Friday 23 February 2018 / 05:16 AM


The talk of the weekend was – of course – Jose Mourinho’s return to Stamford Bridge as Manchester United coach. Following United’s goalless draw at Anfield on Monday and their emphatic victory in the Europa League midweek, things were looking up for the Red Devils. However, that positivity didn’t last very long…

If you watched the game, you’ll be well aware that several of United’s players were simply dreadful. Fellani, Pogba and Herrera can all be tarred with that brush, and the interesting thing is that Mourinho can’t really control these sorts of performances.

The midfield trio’s inability to keep the ball and close their opponents down is not the sort of thing that can be sorted by better coaching – they are all expensive footballers, and should be able to do better than that.

However, what can be called into question is Mourinho’s ability to motivate.

In the past this was one of his biggest strengths. His Champions League win with Porto that got him the Chelsea job was borne out of his ability to extract maximum effort from a limited pool of players. Similarly, his reign at Chelsea showcased the way the Portuguese manager can instil a real sense of loyalty and togetherness in a football team.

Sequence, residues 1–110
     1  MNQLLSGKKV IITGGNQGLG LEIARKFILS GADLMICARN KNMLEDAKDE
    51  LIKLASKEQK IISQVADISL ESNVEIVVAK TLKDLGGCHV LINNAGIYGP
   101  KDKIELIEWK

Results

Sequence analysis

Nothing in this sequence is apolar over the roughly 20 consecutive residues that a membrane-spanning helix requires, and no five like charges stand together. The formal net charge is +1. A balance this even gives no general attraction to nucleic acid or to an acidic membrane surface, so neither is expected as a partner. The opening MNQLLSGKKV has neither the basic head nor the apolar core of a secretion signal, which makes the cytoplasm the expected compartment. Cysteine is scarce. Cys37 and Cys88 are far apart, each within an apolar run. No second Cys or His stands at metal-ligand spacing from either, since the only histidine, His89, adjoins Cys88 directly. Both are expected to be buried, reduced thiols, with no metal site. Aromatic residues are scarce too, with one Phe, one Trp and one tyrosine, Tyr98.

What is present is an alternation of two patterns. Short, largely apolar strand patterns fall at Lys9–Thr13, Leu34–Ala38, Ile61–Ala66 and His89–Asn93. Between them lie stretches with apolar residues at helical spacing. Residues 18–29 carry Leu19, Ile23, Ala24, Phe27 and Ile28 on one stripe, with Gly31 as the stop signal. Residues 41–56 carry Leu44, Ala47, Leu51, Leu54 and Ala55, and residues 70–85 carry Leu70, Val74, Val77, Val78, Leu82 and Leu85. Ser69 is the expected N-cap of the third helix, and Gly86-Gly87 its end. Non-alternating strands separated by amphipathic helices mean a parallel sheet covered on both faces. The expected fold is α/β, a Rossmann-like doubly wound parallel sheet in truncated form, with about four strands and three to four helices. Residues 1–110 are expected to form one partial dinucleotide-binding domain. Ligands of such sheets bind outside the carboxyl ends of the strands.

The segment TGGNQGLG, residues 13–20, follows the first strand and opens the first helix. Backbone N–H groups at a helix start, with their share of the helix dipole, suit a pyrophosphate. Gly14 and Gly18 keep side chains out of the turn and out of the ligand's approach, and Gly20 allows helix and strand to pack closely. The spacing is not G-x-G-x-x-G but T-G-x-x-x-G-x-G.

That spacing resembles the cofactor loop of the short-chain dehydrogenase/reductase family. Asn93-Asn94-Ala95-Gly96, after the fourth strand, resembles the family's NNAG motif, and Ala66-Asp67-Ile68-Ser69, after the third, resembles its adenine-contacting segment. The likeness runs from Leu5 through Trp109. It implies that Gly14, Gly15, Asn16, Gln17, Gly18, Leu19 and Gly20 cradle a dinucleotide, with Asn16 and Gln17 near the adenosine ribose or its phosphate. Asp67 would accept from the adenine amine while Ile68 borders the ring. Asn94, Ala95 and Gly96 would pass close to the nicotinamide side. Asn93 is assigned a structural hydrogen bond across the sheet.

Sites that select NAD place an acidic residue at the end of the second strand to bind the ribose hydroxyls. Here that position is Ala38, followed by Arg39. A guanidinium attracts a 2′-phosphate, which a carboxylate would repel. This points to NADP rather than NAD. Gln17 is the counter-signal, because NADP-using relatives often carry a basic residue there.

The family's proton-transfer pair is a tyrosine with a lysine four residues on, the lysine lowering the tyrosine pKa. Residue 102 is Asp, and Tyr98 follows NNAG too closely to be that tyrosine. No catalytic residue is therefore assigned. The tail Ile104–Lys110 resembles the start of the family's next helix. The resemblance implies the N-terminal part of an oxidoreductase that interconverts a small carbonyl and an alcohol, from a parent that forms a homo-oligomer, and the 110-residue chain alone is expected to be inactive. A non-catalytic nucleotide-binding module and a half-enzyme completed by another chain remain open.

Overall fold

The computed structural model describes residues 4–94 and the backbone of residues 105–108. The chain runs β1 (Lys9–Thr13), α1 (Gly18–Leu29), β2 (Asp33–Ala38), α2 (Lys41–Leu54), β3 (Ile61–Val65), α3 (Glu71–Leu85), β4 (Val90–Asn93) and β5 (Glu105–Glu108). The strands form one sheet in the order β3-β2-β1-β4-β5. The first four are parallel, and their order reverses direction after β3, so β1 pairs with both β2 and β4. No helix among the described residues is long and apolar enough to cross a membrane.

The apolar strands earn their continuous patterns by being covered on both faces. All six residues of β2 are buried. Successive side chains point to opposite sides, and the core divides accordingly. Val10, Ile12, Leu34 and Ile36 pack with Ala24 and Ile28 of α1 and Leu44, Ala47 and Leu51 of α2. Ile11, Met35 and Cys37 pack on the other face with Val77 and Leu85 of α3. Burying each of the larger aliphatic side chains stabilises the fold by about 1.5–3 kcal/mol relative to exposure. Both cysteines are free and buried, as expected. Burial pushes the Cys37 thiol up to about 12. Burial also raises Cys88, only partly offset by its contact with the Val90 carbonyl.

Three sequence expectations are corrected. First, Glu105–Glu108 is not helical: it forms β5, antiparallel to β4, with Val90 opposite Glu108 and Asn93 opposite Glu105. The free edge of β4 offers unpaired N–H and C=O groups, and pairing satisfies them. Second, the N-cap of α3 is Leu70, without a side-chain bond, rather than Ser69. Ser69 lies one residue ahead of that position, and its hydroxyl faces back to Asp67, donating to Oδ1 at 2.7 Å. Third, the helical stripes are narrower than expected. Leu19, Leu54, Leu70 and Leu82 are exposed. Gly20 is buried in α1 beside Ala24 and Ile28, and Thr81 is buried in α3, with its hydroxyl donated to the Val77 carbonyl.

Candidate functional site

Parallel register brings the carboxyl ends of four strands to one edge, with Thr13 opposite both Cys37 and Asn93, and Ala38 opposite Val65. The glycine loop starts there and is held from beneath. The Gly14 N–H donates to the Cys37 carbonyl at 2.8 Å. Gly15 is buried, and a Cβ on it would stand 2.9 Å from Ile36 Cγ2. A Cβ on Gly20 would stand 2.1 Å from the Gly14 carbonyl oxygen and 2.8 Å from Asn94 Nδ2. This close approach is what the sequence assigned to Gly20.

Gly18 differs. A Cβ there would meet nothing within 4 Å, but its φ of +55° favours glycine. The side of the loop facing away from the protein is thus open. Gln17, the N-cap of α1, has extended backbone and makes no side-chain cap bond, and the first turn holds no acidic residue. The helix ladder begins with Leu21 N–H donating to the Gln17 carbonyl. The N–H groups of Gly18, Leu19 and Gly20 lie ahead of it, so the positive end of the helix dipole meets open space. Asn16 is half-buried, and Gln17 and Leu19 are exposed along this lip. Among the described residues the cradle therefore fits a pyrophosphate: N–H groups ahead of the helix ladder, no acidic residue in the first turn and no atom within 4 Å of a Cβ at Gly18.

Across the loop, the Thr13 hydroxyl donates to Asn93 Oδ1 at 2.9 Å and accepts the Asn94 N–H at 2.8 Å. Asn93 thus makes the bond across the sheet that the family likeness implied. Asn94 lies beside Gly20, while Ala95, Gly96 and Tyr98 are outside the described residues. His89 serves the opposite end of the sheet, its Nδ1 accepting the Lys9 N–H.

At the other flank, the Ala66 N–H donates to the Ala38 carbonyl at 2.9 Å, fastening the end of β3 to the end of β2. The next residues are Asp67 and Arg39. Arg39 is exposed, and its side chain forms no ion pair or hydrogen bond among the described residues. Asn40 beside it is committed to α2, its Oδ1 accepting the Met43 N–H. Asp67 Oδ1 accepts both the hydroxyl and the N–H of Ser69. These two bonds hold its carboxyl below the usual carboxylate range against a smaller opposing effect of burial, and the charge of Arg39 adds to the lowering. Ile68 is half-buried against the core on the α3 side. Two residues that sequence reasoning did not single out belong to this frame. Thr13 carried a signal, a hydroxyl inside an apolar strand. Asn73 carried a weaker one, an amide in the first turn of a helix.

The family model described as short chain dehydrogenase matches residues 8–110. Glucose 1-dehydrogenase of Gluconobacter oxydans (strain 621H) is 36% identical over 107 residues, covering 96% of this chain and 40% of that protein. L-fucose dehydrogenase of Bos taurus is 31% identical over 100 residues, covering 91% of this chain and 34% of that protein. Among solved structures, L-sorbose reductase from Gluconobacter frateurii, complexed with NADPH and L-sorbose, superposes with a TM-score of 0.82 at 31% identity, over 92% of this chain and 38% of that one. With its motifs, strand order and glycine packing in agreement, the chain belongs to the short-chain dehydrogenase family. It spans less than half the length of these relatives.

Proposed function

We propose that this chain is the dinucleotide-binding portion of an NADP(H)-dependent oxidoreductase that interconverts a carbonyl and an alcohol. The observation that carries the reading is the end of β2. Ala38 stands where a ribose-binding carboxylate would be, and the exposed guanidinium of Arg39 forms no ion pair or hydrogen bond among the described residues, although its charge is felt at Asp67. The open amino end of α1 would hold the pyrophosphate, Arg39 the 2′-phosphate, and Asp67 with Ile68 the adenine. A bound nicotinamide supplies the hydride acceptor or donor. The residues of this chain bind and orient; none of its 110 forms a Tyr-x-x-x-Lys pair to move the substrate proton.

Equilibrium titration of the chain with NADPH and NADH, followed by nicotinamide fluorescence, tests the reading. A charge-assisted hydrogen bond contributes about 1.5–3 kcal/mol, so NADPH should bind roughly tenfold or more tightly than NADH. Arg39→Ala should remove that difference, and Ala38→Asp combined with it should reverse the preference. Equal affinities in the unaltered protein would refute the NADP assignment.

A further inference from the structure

But these days? Not so much.

In his second stint at Chelsea, Mourinho’s undoing was the fact that he lost the dressing room. All of a sudden, the players were no longer living and breathing the ‘Mourinho way’, and as a result, performances started to tail off.

In the end, his position became untenable.

All the controversy at Chelsea appeared to be a one-off though, and Mourinho was given the United job to general acclaim this summer.

But rather than starting afresh with an expensively assembled and highly talented squad, it seems that Jose is experiencing something of a hangover from his latter Chelsea days.

The United players just don’t seem motivated in the way that Mourinho’s charges have in the past. They’re making mistakes that indicate that they’re not taking the job seriously enough. They’re not trying hard in the way that you’d expect a Mourinho player to try hard.

I could be wrong, but it seems very much like some of the United team have not bought into whatever vision Mourinho has for the club. They aren’t a tight, cohesive unit.

Whether the talismanic Wayne Rooney’s dropping has had an effect on morale in the dressing room is questionable; what is certain is that Mourinho must do something, and fast, if he wants to keep his job.

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Seb Greenwood

CBS’s longest-serving contributor, Englishman Seb is our leading football correspondent, pulling no punches with his opinions on the Premier League and the international scene.

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